We had some issues in the early summer of our kids enjoying the relaxed schedule a tad bit too much. My wife and I agreed. It was time to change our structure. Our approach to daily tasks, house chores, and kid wrangling efforts needed a shift. It is not that we haven’t worked to create responsibility prior to this year. We have had a chore chart. Used chores for incentivization. We have challenged them in appropriate activities to do more for themselves. We are not hovering, bulldozing parents, but a lot of times the activities I described just got done faster with us doing it.

It was time. We had a family meeting. It was time for the hammer of life and responsibility to come down. Daily chores need to be completed, and completed with improved output. You as kids will pick out your clothes for tomorrow. Periods of instruction (had been given prior, but were reiterated for hopeful improvement) on proper tooth paste application, toilet paper usage, clothing donning and doffing without assistance. Clothes placement in the laundry shoot, hanging up clothes in the closet with a stool. Animal chores needed attending too, set and clean the table. Intermittent toy pickups before it is an insurmountable mountain, with acceptable placement in bins-shelves versus stuffed in a corner of the room or under the bed.


The Post kids were saddened. Why shouldn’t they? They had it made in the shade.

It would require more work from them. It would require more patience from us as parents. We are attempting to be more vocal about what they need to do, and then to detach to allow them to do it on their own terms and time. My wife and I are attempting to be more direct in their duties, and then to give positive feedback and incentive when they nail it. Sometimes a little more gruff Dad statement of “that wasn’t good enough” does get uttered.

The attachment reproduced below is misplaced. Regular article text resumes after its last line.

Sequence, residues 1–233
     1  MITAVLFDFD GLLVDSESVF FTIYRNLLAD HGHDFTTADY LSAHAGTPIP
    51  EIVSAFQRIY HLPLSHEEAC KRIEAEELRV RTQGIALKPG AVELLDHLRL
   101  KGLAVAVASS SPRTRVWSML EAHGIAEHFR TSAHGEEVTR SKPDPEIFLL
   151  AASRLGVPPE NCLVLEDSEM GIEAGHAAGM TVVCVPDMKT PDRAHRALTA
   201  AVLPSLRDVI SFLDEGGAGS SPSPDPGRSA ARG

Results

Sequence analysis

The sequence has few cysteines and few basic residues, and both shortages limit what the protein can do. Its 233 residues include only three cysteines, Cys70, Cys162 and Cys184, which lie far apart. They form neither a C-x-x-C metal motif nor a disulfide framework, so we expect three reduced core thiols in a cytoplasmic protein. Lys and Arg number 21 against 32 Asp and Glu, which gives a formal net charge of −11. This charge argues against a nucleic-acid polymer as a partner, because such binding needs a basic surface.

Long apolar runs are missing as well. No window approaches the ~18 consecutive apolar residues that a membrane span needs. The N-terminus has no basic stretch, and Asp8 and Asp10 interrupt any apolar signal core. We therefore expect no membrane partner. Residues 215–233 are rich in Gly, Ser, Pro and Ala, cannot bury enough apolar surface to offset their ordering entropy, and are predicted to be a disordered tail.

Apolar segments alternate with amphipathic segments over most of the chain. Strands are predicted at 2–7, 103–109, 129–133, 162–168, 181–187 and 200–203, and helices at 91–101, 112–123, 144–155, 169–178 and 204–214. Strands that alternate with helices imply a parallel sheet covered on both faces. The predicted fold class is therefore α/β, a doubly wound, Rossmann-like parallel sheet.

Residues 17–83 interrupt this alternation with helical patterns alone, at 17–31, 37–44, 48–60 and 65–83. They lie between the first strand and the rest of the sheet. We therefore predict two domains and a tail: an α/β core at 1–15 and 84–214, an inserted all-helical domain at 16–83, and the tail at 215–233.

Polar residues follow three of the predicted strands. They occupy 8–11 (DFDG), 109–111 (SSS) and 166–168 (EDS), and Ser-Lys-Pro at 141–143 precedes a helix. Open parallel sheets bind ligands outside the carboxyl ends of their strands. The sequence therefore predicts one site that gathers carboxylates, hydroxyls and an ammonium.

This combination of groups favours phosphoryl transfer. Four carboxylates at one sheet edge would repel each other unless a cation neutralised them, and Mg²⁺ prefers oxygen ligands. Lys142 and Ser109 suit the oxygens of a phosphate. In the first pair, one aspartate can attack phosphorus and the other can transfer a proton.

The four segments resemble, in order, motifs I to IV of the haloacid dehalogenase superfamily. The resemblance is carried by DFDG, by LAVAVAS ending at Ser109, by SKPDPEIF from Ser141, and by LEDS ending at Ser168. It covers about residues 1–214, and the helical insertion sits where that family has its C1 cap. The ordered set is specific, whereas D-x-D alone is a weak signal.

We are attempting to create the mindset that while we are your parents and we have your back in all things, we are NOT your servants. It took repetition, it took reminders, multiple tantrums and act outs were had. We are seeing our kids respond positively as of late. My wife and I have spoken about how we as parents must give them chances to show us what they can do. Of course the progress is not linear. All parents are on the roller coaster of ups and downs as kids grow. It is life that mistakes will be made. Kids cannot NOT be kids, we as parents must do our best at rolling with those punches and sustaining positive attention to the overarching goal. I sometimes lose track of this. See “Father Fatigue”.



Challenge your kid’s responsibility. Ask them to perform at a higher level. Instruct them on how and what that looks like. Assess how they can help themselves and you as parents through their day. Make a chore chart, create a family activity board. Use their favorite activities, snacks, family or self activities as incentives.


When our kids have progression in responsibility, they will become higher functioning individuals with more self reliance and a raised work ethic. We can all benefit from that.


I wish you luck on your next family meeting about responsibility and the wails of kids heard near and far.